Our beloved four-legged companions have been with us pretty much since the beginning. Without doubt, they have certainly earned their title of “man’s best friend.”
Let’s not forget about woman’s best friend, either! As fashion has evolved and transformed throughout the years, dogs have followed along by playing various roles: photoshoot companions, accessories for outfits, and inspiration for clothing — just to name a few.
But for every seemingly great thing, there is always another side of the story to consider. Certain breeds have become “trendy” merely thanks to their status as trendy over time — which unfortunately isn’t always a good thing.
It all started with the Boston Terrier. These pups are the all American pooch. In the early 1900s, Bostons popped up everywhere — in ads and spreads, always keeping their fashionable human companions company.
Then, between 1940 and 1950, Spaniels started their take over. Remember Lady & The Tramp? The Spaniel craze led this dog to become the number one breed in the U.S. for sixteen years straight. SIXTEEN. Not surprisingly, the puppy mill businesses jumped on the Spaniel trend’s bandwagon, and started churning out thousands of puppies — many with genetic and health problems.
The Spaniels got a break as Americans rolled into the 70’s. When you think about dogs in fashion, the most iconic breed that comes to mind is the Poodle, of course.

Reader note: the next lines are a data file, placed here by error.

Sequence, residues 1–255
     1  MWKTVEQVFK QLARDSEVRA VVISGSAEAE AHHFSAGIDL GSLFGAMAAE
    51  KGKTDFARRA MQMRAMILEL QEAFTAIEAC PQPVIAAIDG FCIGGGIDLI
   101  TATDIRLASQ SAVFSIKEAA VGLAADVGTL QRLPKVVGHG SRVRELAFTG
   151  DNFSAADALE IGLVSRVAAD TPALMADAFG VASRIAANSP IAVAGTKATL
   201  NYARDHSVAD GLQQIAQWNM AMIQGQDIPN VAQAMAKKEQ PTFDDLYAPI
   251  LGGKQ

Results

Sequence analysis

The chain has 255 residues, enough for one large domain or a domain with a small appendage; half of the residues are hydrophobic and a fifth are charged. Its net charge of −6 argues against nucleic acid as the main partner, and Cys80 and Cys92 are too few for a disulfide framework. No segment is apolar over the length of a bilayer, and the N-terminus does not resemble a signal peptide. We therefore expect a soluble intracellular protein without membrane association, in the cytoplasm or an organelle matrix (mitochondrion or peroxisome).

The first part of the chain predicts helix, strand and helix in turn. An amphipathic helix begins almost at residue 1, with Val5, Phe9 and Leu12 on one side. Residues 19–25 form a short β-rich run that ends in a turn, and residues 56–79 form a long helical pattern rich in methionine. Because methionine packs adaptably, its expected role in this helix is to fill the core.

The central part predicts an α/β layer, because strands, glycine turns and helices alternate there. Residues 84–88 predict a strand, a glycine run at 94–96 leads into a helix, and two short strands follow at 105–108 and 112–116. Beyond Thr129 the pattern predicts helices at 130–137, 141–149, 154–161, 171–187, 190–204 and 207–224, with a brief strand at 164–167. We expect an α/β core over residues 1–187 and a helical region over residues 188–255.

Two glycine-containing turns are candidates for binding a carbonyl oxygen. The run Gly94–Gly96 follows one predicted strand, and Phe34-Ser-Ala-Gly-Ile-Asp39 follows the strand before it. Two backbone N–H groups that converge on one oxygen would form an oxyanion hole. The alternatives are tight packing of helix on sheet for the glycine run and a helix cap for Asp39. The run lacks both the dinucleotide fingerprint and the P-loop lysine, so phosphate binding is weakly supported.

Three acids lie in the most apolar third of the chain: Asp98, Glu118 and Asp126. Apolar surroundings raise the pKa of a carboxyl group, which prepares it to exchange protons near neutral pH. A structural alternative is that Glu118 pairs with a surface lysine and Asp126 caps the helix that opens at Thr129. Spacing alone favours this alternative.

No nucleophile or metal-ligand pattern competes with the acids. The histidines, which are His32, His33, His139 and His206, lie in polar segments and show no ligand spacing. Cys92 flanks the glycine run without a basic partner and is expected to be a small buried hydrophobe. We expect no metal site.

Just look at the poise and beauty exuded by this dog, the ultimate symbol of class and style. For two decades, these puppies ended up being the most popular dog in the U.S. — they held onto the title until 1982.
The always-beloved Golden Retriever took over in the 90’s as the quintessential family dog. Always smiling and ever-so-loyal, you’d be hard pressed to find an American home that didn’t have one of these golden beauties laying in the back yard at the time. Thankfully, this breed hasn’t been subject to as much genetic change as some other breeds, like the flat-faced dogs of today.
The 90’s, however, weren’t all peachy keen. This was also the decade that dogs really became “fashion accessories,” thanks to celebrities who often were seen “wearing” their dogs on their arms as though handbags. Their temperament as a breed was affected by this terrible trend, as they were often stuffed in tiny purses or carriers and treated like dolls.
Fast forward to recent years and you’ll notice that flat-faced breeds have become the new “it” dog.
Pugs and Frenchies have been growing in popularity, and that unfortunately has its downside. French Bulldogs are now all born via cesarian sections due to their abnormally large heads that people find so cute, and flat-faced dogs in general have many, many respiratory problems due to the physical structuring of their “adorable” faces.
It’s not only fashion that impacts the popularity of certain breeds as pets. Disney’s 101 Dalmatians in 1961 certainly led to hordes of people wanting those adorably unique and spotted dogs, often without doing the proper research and understanding how difficult it can be to actually own a Dalmatian. You could even argue that Internet popularity and a wider wider spread access to breeders has also contributed to this drawback.
As we look back on just the last century and our companionship with dogs, it’s so important to keep in mind the wellbeing of these animals as we make decisions in pet ownership. Happily, the rise in popularity of mixed-breed dogs continues to do a lot of good for adoptable and shelter dogs around the nation. Now that’s a trend we’d like to keep!
Featured image via Visual Optimism